The latest GDP figures from the Australian Bureau of Statistics (ABS) revealed a minor fall in household savings as the rise in household spending over the three months to 31 March outpaced the growth in income. 

This drop follows a much larger fall of nearly 7 percentage points in the previous quarter from 18.7% to 12%, after the savings ratio skyrocketed to almost 20% during the pandemic. 

The ABS again put this decline down to, among other things, the removal of JobKeeper and the now-decreased JobSeeker

"A fall in benefit payments detracted from income growth, reflecting a decline in the number of recipients and the winding back of additional COVID-19 support payments during the quarter," it said.

Household spending meanwhile increased 1.2%, as Australians continue the steady loosening of purse strings. 

"Spending on services rose 2.4% as COVID-19 restrictions continued to ease around Australia," the ABS said. 

"Spending on goods declined 0.5 per cent but remained above pre-pandemic levels."


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        Despite the 0.6% fall, the savings ratio to income is historically around the highest it has ever been, as the infographic above shows. 

        In 2018-19 it sat at 3%, and the high rate of savings indicates Australians still have plenty of appetite for consumption, but aren't quite at the stage where they feel confident in splurging.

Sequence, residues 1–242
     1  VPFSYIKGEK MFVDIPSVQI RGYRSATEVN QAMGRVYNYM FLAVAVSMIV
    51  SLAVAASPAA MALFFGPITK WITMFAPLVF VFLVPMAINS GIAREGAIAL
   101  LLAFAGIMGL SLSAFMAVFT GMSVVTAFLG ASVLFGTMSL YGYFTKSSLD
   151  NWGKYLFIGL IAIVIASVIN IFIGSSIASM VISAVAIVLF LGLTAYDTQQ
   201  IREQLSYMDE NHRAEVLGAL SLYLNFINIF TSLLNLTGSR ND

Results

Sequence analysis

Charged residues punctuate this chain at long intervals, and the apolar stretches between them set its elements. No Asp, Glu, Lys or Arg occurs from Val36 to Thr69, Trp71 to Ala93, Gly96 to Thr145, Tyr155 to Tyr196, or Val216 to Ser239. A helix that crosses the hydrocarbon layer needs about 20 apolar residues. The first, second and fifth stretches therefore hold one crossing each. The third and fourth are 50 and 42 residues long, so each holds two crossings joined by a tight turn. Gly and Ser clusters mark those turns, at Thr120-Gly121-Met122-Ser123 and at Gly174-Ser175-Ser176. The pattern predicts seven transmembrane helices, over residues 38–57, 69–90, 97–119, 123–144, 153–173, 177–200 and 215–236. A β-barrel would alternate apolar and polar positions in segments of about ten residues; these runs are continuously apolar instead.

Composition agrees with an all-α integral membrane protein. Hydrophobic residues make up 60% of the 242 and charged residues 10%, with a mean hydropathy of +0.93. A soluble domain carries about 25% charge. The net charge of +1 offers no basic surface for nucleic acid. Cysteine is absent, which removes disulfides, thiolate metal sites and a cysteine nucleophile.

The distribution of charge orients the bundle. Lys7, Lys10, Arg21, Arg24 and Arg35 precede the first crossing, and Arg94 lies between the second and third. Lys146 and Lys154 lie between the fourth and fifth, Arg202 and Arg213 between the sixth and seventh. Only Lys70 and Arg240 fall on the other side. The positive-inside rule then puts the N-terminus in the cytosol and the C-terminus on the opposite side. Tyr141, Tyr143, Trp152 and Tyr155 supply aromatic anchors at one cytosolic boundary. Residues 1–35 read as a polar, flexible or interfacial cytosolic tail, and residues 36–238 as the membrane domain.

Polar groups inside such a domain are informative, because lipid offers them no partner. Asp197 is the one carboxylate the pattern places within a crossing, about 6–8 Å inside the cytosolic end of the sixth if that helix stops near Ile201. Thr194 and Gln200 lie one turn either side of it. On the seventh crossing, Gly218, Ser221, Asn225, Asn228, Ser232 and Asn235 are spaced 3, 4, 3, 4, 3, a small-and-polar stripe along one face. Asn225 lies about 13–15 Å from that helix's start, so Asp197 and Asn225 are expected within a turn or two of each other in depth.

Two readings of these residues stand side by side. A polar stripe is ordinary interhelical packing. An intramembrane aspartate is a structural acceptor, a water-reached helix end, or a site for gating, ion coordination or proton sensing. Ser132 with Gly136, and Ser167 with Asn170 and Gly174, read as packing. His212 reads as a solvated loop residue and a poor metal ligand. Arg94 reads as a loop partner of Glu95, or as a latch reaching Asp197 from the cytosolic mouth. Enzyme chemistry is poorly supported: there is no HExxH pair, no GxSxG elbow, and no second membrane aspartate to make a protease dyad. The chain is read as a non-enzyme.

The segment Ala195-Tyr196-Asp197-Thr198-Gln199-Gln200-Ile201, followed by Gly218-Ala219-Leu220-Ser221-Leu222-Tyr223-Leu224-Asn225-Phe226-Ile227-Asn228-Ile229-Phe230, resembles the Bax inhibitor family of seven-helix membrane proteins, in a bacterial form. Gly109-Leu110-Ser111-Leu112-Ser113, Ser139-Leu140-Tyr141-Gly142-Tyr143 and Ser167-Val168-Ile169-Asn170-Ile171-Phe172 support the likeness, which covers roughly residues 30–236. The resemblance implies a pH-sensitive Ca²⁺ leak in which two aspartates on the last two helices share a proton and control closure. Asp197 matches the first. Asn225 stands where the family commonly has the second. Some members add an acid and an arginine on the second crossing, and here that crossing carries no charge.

That being said, Australia's household savings ratio is still much lower than the likes of South Korea (37.2%), Austria (27.18%), the Netherlands (25.27%) and Ireland (23.2%) just to name a few. 

        The Federal Government had been hoping Australians would get out and spend after saving an additional $200 billion in 2020.

        “With an additional $200 billion sitting on household and business balance sheets compared to the start of last year there is a huge sum of money available to be spent across the economy helping to create jobs and maintain the momentum of our economic recovery," Treasurer Josh Frydenberg said last year.

        Spending is increasing and consumer confidence received a post-budget boost according to ANZ and Roy Morgan, with the weekly consumer confidence index now sitting at around the rolling monthly average since 1990 and well above the level seen at the onset of the pandemic. 

        "The greater than expected spending promised by the government in the federal budget may have also provided a boost to confidence," ANZ Head of Australian Economics David Plank said. 

        "Among the detail, 45% of the responders said it is a ‘good time to buy a major household item’ versus 22% for it being a ‘bad time to buy’, which are respectively the highest and lowest values since February 2020."

        However, future outbreaks like the one seen in Melbourne at the moment and more delays in Australia's vaccine rollout could hamper spending and consumer confidence moving forward.

        “An important ongoing source of uncertainty is the possibility of significant outbreaks of the virus, although this should diminish as more of the population is vaccinated,” Reserve Bank of Australia Governor Philip Lowe said on Tuesday.

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